Cherry Blossom Ice Cream

There are few sights more cheering than the first blossom of Spring. Lucy Burton shares her tips for baking with these delicate flowers

March brings with it the start of Spring, the end of Lent, and a glimmer of warmer days to come. Few sights herald the demise of winter more beautifully than pearly pink cherry blossom, which is in full bloom in early March. Found in urban and rural gardens alike, these pretty blooms often linger well into April.

While cherry fruits do not ripen until high summer – if at all, in British soil – the blossom from the tree has a subtle, fragrant flavour which is perfect for baking. Plum blossom, though harder to find, can also be used in this recipe.

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150ml whole milk

3 large branches of cherry blossom

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75g caster sugar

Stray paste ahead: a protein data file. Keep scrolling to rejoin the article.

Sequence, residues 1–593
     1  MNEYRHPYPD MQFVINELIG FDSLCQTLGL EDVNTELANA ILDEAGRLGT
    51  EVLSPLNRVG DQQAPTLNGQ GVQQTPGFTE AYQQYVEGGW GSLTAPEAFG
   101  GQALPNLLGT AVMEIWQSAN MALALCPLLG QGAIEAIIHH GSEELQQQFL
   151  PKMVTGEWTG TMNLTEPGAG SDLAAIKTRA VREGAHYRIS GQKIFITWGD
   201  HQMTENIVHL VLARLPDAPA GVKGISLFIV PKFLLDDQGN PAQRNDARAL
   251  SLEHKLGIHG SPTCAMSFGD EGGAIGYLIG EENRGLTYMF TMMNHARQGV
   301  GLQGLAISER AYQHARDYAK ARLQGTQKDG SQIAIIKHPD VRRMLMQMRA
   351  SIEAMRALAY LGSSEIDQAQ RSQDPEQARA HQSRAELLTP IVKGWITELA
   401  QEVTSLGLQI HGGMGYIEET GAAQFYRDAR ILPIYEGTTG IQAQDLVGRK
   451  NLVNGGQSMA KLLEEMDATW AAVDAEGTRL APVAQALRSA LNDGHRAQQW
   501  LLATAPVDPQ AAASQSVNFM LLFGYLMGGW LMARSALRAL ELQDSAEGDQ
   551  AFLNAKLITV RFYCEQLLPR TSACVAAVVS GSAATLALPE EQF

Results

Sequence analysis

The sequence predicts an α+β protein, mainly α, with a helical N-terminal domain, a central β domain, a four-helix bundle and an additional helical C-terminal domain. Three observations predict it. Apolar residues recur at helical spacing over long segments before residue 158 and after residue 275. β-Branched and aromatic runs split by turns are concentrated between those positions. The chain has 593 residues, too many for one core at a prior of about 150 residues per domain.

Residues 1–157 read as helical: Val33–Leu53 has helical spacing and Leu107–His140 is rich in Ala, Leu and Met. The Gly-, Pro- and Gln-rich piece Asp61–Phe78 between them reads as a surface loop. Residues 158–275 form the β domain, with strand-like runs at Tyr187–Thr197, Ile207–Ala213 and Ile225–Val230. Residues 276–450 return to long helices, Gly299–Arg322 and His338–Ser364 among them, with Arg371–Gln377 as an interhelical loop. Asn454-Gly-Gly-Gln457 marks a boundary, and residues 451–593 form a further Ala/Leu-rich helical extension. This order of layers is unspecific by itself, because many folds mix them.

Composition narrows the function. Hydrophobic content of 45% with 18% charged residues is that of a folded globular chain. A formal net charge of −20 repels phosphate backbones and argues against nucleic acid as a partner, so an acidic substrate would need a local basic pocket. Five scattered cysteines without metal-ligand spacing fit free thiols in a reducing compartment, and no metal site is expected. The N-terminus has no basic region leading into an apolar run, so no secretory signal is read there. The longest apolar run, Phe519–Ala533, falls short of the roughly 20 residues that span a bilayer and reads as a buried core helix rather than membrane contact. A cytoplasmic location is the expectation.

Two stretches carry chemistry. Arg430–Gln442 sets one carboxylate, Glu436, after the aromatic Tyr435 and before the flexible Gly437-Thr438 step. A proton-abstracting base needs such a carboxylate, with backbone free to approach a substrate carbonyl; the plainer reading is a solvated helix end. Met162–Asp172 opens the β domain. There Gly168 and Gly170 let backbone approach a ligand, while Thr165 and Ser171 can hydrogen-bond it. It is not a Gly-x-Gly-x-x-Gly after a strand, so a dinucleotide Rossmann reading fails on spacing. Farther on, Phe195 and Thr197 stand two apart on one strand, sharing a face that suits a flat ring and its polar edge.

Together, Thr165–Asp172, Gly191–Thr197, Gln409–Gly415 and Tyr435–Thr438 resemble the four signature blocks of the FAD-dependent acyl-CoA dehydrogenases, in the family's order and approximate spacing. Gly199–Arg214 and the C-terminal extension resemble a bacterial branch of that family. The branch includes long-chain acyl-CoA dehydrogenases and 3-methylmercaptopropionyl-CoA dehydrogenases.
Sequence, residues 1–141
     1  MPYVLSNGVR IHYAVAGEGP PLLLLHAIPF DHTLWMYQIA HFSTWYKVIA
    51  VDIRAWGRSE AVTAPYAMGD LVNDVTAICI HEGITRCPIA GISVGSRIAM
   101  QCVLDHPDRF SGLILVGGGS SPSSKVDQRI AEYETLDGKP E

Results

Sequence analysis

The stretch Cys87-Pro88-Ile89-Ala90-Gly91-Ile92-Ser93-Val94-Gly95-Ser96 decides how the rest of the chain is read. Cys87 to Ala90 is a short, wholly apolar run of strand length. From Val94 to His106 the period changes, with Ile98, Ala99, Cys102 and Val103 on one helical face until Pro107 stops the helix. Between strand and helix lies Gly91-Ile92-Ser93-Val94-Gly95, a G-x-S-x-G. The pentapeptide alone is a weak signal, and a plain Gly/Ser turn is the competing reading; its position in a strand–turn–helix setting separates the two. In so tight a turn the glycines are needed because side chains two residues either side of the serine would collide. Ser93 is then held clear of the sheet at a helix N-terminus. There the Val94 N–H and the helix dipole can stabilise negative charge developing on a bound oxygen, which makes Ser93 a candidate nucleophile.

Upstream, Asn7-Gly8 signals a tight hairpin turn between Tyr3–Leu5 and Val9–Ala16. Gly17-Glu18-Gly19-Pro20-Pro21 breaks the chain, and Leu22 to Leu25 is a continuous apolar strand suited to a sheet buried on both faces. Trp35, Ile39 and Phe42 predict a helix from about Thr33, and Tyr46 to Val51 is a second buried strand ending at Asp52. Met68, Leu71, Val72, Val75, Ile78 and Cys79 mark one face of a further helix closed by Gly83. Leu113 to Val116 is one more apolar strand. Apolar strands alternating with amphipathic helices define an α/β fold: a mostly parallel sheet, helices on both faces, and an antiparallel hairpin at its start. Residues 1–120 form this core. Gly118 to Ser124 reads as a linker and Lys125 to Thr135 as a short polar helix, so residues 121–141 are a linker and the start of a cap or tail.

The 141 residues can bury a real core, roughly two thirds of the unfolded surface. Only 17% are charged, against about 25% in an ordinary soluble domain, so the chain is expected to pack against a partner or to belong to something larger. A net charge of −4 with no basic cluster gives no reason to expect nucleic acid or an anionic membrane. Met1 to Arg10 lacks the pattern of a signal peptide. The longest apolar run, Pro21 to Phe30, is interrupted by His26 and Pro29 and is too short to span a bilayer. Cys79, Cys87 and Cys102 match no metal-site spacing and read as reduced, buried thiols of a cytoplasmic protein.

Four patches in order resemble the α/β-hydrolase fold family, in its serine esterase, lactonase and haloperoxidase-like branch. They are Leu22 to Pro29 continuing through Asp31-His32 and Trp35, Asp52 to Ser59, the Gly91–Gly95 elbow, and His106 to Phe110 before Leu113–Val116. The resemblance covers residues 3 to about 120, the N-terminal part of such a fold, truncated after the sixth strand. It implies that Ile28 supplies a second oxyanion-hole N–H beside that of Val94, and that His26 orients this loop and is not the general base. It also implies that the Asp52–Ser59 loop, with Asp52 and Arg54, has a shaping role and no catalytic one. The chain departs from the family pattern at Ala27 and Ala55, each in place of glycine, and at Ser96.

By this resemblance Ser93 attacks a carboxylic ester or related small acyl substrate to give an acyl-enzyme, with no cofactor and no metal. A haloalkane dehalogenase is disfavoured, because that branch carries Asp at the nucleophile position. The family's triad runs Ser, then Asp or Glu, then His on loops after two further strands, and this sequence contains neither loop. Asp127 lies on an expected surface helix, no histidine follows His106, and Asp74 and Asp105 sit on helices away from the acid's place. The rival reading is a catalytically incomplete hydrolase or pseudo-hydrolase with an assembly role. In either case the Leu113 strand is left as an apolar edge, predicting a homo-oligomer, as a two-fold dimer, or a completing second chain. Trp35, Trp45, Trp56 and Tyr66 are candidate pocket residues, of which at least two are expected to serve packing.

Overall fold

2 egg yolks

300ml double cream

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150g morello cherries, chopped

Begin by preparing the cherry blossom. Remove all of the blossom petals from their stems, and place in a sieve. Gently rinse with water to clean them, then turn out onto kitchen towelling and allow them to dry. Add them to your milk, and leave to infuse overnight in the fridge.

The next day, add the sugar, milk and petals to a small saucepan. Slowly bring to the boil, stirring to dissolve the sugar. Remove it from the heat when it has just started to bubble.

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Place your egg yolks in a large, heatproof bowl. Pour a little of the milk over them and whisk to temper, then pour all of the egg mixture back into the saucepan with the milk. Return this to the heat, and stir continuously so that it doesn’t catch on the bottom while it is thickening. Continue until the custard is thick enough to coat the back of a spoon. Remove from the heat and stir in the cream.

Strain the mixture to remove the blossom petals, then chill for one hour or until it has come down to room temperature. Churn in an ice cream maker or, if you do not have one, you can churn it yourself by taking it from the freezer once an hour and churning it by hand. Once churned by soft, add the chopped cherries, then allow to freeze until set.

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Steve Ott
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